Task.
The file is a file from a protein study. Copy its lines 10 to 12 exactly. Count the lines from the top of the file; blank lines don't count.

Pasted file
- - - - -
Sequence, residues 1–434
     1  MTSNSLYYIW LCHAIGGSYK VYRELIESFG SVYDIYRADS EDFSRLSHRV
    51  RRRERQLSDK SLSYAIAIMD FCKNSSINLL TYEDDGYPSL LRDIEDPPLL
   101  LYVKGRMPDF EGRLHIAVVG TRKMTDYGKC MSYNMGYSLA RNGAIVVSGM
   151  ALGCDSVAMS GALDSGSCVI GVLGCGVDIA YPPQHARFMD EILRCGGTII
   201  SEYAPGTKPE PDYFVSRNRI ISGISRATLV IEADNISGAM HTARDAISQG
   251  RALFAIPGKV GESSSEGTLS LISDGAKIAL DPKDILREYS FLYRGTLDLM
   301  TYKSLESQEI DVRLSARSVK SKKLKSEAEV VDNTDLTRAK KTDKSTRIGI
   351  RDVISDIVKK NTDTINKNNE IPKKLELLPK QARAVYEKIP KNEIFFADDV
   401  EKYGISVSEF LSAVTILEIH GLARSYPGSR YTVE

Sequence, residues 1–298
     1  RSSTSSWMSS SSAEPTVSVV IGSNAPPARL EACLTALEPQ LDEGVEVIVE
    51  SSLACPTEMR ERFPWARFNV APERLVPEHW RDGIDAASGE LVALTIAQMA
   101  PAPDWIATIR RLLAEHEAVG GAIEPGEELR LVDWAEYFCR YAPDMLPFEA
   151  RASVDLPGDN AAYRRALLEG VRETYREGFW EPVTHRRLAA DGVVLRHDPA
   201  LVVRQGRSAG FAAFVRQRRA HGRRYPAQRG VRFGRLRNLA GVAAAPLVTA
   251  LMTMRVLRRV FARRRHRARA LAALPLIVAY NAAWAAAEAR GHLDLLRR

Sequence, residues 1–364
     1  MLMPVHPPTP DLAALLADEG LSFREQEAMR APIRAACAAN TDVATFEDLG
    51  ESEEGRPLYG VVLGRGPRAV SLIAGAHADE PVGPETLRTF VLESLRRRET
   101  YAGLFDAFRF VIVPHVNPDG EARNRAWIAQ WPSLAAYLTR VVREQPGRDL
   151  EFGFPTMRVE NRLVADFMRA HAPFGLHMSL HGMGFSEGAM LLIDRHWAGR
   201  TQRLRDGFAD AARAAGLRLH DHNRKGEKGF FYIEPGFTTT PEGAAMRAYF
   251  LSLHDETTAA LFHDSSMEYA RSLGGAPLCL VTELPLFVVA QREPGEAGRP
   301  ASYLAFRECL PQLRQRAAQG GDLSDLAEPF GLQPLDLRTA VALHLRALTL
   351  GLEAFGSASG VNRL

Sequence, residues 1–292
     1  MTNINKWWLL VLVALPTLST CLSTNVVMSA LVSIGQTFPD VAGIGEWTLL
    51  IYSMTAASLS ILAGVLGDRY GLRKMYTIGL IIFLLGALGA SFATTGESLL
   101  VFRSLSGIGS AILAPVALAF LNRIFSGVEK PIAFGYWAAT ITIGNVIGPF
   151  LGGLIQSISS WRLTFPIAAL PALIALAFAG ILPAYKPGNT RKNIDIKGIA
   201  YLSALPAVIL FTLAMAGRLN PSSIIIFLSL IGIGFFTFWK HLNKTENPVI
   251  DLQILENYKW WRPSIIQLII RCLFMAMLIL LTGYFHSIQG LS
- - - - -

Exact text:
   401  EKYGISVSEF LSAVTILEIH GLARSYPGSR YTVE

Sequence, residues 1–298
     1  RSSTSSWMSS SSAEPTVSVV IGSNAPPARL EACLTALEPQ LDEGVEVIVE